Wednesday, April 29, 2015

welcome to japan

Nippon: the Floating Kingdom.
There was a time when foreigners were not welcome here.
But that was long ago. A hundred and twenty years.
Welcome to Japan.
With those words the curtain comes down on Pacific Overtures.  And it is true.  In part.

The island empire that was closed to foreigners for centuries now holds its arms open (half-way) to visitors.  Getting through Japanese quarantine, immigration, and customs was a stylized reminder that I will always be a gaijin (outsider) to this insular nation.

I try to avoid clich
és in my writing.  But Japan looks like a designer country.  Take a look at that bridge.  It could have come out of an Oscar de la Renta studio.  But it didn't stop there.

Today, on its surface, Japan is almost as western as Essex.  And that is not an accident.

When the Emperor Meiji overthrew the Shogun-dominated samurai society in 1867, he declared Japan would adopt western technology to become a world power.  And it did.  Including the arts.  The American bombing in World War Two helped Japan (unwillingly) in that process.

We visited Kobe and Kyoto today.  Even though they are both ancient cities, they are almost entirely modern -- with designer clothes stores, streets filled with cars, and that ever-present symbol of western civilization: McDonald's.

Kyoto was one of the ancient capitals of Japan.  First ruled by the emperor.  Then the shoguns.  With a reprise by the emperor -- Meiji, in this case, who moved the imperial capital from Kyoto to Tokyo.  (Please note the anagram.)

Today's trip was through the time tunnel.  Kyoto is a city of temples.  While American B-29s were leveling the rest of Japan in the Second World War, Kyoto was spared due to its cultural heritage.  And that heritage is proof that style is an ancient Japanese characteristic.

Part of that heritage is its temples.  We visited three of them.

The Golden Pavilion is one of those rare architectural anomalies that is both instructional and beautiful.  The building displays three separate functions and historical periods.

The first level was built as a pavilion for the emperor.  During the shogun era, the second level was added as a palace.  The last shogun of that era decided to become a Buddhist monk.  He added a third level and turned the pavilion into a temple.

What we see now is a restoration.  American bombers may have spared it.  But the ravages of time, earthquakes, and fire did not.  The building is a reconstruction,  What looks like yellow paint is actually gold leaf.

Our next stop was the Heian shrine -- a Shinto compound.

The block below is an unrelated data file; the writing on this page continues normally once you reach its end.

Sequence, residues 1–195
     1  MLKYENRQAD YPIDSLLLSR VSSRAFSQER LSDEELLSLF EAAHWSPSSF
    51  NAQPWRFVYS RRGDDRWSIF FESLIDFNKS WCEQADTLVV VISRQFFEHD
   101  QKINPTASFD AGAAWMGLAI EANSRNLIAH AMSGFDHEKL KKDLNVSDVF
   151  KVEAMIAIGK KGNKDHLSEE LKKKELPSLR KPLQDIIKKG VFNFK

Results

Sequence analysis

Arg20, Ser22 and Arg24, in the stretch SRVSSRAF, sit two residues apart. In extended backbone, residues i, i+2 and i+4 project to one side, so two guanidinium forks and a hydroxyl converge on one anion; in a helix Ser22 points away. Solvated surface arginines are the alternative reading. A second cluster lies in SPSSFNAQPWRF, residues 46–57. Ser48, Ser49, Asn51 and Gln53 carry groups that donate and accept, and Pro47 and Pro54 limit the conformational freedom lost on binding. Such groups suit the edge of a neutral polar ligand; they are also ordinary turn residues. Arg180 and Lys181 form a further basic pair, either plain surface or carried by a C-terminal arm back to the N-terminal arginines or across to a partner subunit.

Shinto is the ancestral religion of Japan.  It is simultaneously monotheistic and pantheistic -- recognizing numerous natural phenomenon as having souls that can be persuaded to change their course.  The wind.  The sun.  Donald Trump.

Buddhism came to Japan from China around 552 AD, at a time when Shintoism was in a moral slump, and survived concurrently with the ancient sect.  To this  day.  Both disciplines have now merged into the lives of the Japanese as a single faith.

Shinto is relied upon for births, weddings, and festivals.  The joyous occasions of this life.  Buddhism comes into play for funerals and matters of the afterlife.

It sounds a bit as if that came out of Atheism for Dummies.  But that was our guide's take on contemporary religious thought in Japan.

Our last stop was a Buddhist temple (Kiyomizu-dera) perched on a hill above modern Kyoto.

Japan may have been modernizing for a century and a half, but its people honor the old ways, as well.  When young Japanese visit Kyoto, they often rent ancient fancy dress. 

Imagine visiting Plymouth Rock and donning a pilgrim outfit.  Or getting all duded up for a rodeo.  And you will get something like this in Kyoto.

And they really get into their roles.  With modernity swirling about them, they shuffle along as if they are living in the 15th century and are on their way to offer up a prayer in the great hall.

But style was not limited to bridges, temples, and kimonos.  The shop windows were filled stylish dresses.

Even the tea shop windows with its cake and candy displayed simple and elegant style.

We may have been seen as foreign barbarians, but it is nice to feel welcome to Japan.

Of course, none of that explains how a country steeped in style could produce something as kitschy as Hello Kitty.

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